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Butuan Archeological Sites

Date de soumission : 16/05/2006
Critères: (iii)(iv)(v)
Catégorie : Culturel
Soumis par :
National Museum
Etat, province ou région :
CaragaRegion - Butuan City, Agusan del Norte
Coordonnées N8 57 E125 29 55
Ref.: 2071
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Description

In 1975, as a result of the construction of an extensive network of large drainage channels, or esteros, to relieve Butuan City from destructive annual floods, significant amounts of archaeological artifacts were discovered that dated back to the Age of Contact with the Great Traditions of Asia, co-eval with the Yueh type wares to Ming Dynasties of ancient China from the 10th Century  to the 16th Century AD. 1) The major finds in various areas is the appearance of the remains of large open-water-going boats, the "balanghai" of historical records. The same type of boats and construction has been recovered in Sumatra and Pontian in Malaysia, apparently of the same period. There eleven of these boats: three were fully excavated, two preserved, and the rest still unexcavated. The boats are of Neolithic architecture using a planking edge-peg technology. The boats range in age from the 10th to the 13th century AD.

2) The other significant sites yielded multiple interred wooden coffin burials, containing secondary burials that feature modified skulls that are frontally flattened, ascribed to the 14th-15th Century AD. Similar finds in Central Philippines have yielded similar burials but with the difference that all these were found in caves along the islands coasts.

3) The third significant feature of the stratified sites are the tremendous amounts of trade high-fired ceramics coming from China, Cambodia, Thailand and other southeast Asian countries were also recovered, as well as distinctive white stamped pottery from Thailand; and Persian glassware, suggesting prehistoric links as far as the Middle East.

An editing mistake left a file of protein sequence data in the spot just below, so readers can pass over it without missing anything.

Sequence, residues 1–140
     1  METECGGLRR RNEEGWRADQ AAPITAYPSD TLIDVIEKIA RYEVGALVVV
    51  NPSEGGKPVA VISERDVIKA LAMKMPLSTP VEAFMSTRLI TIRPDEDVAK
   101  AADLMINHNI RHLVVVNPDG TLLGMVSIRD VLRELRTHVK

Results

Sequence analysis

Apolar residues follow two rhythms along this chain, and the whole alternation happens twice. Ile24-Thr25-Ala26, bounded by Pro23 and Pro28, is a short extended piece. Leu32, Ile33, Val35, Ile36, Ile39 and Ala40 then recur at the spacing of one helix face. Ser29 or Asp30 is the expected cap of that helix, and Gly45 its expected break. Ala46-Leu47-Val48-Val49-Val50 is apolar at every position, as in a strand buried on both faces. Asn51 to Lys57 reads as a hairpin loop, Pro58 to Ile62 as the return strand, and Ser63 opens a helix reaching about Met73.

There were other notable discoveries like the Ivory Seal and the Silver Paleograph. Gold and tools for gold processing of ornaments have also been recovered from a village site Over a hundred clay crucibles and tools for the processing of gold items were discovered in the area, leading to the conclusion that an extensive gold ornaments industry was located in these areas as far back as a thousand years ago. Altogether, these data demonstrate that Butuan was a thriving international trading port a thousand years ago. This site has a tremendous historical impact in the Asian region.

Déclarations d’authenticité et/ou d’intégrité

The finds were authenticated by the National Museum, and deeper studies by reputable archaeologists were subsequently done. The oldest Chinese ceramic ware found in Butuan were the Yueh and Yueh type ware which dated back to the Five Dynasties (A.D. 907- 960). In a quantitative survey of the ceramics discovered in Butuan, there were representative types from various Asian realms, ranked according to volume: Chinese (10th - 15th centuries A.D.); Khmer/ Cambodian (9th-10th centuries A.D.); Thai (14th - 15th centuries A.D.) pre-Thai Satingpra (900-1100 A.D.); Haripunjaya (800-900 A.D.); pre-trade Vietnamese (11th - 13th centuries A.D.), and Persian (9th - 10th centuries A.D.)

Comparaison avec d’autres biens similaires

There is no other known site in the Southeast Asian region that have archaeological recoveries of a concentration of large, open-water going boats, as that found in Butuan. The fact that the boats are of Neolithic marine architecture is very unique, and which date between the 10th and 13th century AD. Only one other boat has been found in Southeast Asia, specifically in Pontian, Malaysia, where a similar boat was recovered.

It is also unique that an entire village site has been found to contain evidences of a specialization in the purification of gold and the manufacture of gold ornaments, dating at least to the Ming Dynasty. There is no report of a similar find in the rest of the region.

The presence of deformed skulls in underground coffin burials have counter parts in the rest of the country, but differing in that the rest were found in caves along coasts of islands in Central Philippines. Deformed skulls have been reported in some areas in Southeast Asia, as in Sulawesi.